Kulicke & Soffa Industries Inc., Fort Washington, said yesterday that its revenue from continuing operations fell to $152.3 million in the third quarter from $204.6 million a year earlier. The company had forecast revenue of $140 million to $150 million. Income from continuing operations was $4.9 million, or 8 cents a diluted share, compared with $30.6 million, or 45 cents a diluted share, a year earlier. For Kulicke & Soffa's full financial report, go to
- Paul Schweizer
Avalon Carpet Tile & Flooring, Cherry Hill, opened its first Philadelphia location this month. The 25,000-square-foot store at Columbus Boulevard and Washington Avenue employs 20.
- Madhusmita Bora
Smithfield Foods Inc., the world's largest hog producer, said it would phase out individual gestation crates - in which the pigs cannot turn around - at its sow farms, moving over the next 10 years to "animal-friendly" group housing for pregnant pigs. "This is a monumental advance for animal welfare," said Paul Shapiro, manager of the Factory Farming Campaign at the Humane Society of the United States. Smithfield, which has 842,000 sows on company-owned farms, said it was making the change because its customers told Smithfield "they feel group housing is a more animal-friendly form of sow housing," C. Larry Pope, Smithfield's chief executive officer, said. Smithfield said it would help its contract growers with the conversion. Voters in Arizona approved a ballot measure in November to outlaw the crates. Florida passed a similar measure in 2002.
- Harold Brubaker
Sanofi-Aventis, the largest French drugmaker, has won the backing of a U.S. advisory panel to sell a combination vaccine for whooping cough and four other childhood diseases. A Food and Drug Administration panel voted, 13-2, in favor of the vaccine, Pentacel, after studies showed four doses of the product prevented children from getting sick. U.S. officials recommend 23 separate shots for infants, and Pentacel would cut that number to 16, or about two fewer at every checkup. Pentacel may help Sanofi revive growth in its vaccine business at the expense of GlaxoSmithKline P.L.C., the maker of the only five-part shot now sold in the United States. Glaxo has a U.S. headquarters in Philadelphia.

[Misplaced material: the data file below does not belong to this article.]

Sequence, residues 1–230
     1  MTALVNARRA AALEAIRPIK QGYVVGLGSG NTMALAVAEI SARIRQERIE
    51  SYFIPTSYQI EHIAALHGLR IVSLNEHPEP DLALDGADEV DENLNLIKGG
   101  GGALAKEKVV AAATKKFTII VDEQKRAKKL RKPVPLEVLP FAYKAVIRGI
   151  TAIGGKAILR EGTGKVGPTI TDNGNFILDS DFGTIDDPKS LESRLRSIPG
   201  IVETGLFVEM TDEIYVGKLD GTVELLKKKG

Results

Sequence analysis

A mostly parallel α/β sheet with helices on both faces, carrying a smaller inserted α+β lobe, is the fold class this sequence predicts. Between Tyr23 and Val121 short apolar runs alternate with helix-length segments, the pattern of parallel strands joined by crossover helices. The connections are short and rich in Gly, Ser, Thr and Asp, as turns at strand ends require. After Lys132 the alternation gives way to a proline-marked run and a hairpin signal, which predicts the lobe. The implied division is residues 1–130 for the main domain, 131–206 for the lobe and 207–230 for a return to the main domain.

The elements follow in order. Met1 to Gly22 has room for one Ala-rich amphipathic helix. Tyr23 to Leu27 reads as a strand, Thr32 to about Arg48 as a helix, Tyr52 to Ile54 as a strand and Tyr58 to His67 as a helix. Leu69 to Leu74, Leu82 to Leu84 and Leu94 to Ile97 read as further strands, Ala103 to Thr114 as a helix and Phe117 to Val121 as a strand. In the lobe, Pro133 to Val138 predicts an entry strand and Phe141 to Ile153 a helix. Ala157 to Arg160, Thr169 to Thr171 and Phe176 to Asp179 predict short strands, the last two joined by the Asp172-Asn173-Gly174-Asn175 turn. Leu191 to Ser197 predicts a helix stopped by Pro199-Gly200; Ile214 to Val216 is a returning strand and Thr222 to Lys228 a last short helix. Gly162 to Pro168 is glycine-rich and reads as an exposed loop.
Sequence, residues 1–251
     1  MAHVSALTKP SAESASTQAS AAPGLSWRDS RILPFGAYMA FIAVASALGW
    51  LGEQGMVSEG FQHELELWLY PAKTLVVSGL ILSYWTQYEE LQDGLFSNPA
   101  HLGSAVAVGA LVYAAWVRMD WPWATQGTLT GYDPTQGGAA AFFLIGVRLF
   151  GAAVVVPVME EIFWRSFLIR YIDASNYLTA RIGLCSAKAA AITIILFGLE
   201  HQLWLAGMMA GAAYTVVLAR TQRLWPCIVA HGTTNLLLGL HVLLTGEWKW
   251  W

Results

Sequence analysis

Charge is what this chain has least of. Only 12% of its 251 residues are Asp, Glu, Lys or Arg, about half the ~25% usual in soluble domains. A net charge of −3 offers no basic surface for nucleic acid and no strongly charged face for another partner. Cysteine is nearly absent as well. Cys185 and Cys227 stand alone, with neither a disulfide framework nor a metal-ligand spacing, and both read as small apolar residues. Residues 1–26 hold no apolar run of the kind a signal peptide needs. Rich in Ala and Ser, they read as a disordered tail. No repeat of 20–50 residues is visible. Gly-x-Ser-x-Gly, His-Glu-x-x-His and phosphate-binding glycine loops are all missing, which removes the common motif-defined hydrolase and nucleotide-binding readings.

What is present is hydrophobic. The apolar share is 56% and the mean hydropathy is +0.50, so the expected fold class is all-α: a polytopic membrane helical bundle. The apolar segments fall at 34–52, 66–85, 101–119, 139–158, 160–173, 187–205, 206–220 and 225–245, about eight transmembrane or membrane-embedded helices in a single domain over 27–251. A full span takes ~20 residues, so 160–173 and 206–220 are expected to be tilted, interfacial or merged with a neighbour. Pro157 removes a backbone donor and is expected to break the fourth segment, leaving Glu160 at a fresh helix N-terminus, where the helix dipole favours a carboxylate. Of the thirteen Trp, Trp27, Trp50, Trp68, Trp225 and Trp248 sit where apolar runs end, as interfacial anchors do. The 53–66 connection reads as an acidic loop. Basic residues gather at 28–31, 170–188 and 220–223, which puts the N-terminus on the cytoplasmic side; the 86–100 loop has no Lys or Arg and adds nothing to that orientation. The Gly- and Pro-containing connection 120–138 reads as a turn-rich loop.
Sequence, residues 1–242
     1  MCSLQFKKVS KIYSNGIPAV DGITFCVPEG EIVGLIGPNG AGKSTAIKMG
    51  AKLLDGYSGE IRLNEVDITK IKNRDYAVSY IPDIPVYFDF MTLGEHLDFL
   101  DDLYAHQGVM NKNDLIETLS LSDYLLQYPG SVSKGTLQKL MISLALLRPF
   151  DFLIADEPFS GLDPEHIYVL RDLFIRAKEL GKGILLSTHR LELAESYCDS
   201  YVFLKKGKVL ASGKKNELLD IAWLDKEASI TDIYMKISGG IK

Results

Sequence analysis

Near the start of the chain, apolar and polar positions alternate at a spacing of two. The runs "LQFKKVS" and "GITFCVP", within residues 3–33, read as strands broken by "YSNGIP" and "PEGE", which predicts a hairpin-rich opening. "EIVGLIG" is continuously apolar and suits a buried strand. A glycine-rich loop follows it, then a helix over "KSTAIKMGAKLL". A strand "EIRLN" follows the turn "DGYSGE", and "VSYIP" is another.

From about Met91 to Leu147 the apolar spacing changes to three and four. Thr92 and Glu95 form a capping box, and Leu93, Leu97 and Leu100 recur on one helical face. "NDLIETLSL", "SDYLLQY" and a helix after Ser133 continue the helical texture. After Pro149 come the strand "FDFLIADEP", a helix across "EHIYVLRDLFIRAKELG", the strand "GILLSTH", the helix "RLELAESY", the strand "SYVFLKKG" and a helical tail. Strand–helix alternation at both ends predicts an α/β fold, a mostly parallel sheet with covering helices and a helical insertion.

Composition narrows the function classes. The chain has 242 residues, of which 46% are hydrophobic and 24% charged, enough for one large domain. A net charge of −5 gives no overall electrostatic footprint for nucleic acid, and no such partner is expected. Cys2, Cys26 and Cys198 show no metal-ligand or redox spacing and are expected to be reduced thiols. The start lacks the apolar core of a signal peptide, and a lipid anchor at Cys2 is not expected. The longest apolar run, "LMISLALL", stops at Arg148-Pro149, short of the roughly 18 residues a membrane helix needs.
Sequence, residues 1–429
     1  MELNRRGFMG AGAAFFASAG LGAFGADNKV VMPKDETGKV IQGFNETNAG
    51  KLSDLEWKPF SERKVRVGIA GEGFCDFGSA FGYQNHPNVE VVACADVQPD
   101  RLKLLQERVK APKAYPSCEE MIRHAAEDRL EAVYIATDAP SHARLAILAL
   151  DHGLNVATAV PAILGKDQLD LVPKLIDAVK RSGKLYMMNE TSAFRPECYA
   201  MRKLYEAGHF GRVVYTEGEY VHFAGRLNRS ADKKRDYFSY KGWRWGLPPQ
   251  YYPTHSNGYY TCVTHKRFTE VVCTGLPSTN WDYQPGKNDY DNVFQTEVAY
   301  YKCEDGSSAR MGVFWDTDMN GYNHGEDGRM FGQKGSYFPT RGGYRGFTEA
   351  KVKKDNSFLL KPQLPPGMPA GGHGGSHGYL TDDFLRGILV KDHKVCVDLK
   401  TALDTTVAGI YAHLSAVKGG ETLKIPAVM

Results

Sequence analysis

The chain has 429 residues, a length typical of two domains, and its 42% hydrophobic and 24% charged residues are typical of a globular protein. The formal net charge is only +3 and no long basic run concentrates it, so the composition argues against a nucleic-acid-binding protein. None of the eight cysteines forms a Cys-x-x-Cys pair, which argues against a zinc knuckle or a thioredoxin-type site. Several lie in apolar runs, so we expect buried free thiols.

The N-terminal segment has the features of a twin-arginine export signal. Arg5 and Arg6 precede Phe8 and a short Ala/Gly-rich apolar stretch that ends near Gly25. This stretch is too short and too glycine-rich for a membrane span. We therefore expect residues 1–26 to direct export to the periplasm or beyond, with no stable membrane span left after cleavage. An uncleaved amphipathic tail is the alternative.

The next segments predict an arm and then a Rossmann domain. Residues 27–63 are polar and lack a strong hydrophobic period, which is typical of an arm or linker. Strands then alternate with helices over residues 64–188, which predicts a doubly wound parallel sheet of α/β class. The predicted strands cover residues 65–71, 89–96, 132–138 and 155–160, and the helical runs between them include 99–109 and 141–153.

Bristol-Myers Squibb Co. said it lost $134 million, or 7 cents a share, in the fourth quarter, compared with a year-earlier profit, as sales of its best-selling drug Plavix plunged and it took a hefty charge to settle investigations into pricing policies. A year earlier, Bristol-Myers posted net income of $499 million, or 26 cents a share. Excluding certain items, Bristol-Myers earned 19 cents a share, beating by 3 cents the average estimate of analysts surveyed by Thomson Financial.
Industrial conglomerate Siemens AG said net profit fell 16 percent in its most recent quarter because of a European Union fine for price-fixing, but the stock rose as earnings otherwise improved and investors responded to the acquisition of a U.S. software company. Net profit in the three months through Dec. 31, the company's fiscal first quarter, fell to $1.02 billion from $1.21 billion in the same period a year earlier because of a $550 million charge for the EU fine. Company shares closed at $105.09, up $4.90 or 4.89 percent, on the New York Stock Exchange. Siemens Medical Solutions is based in Malvern. For Siemens' full financial report, go to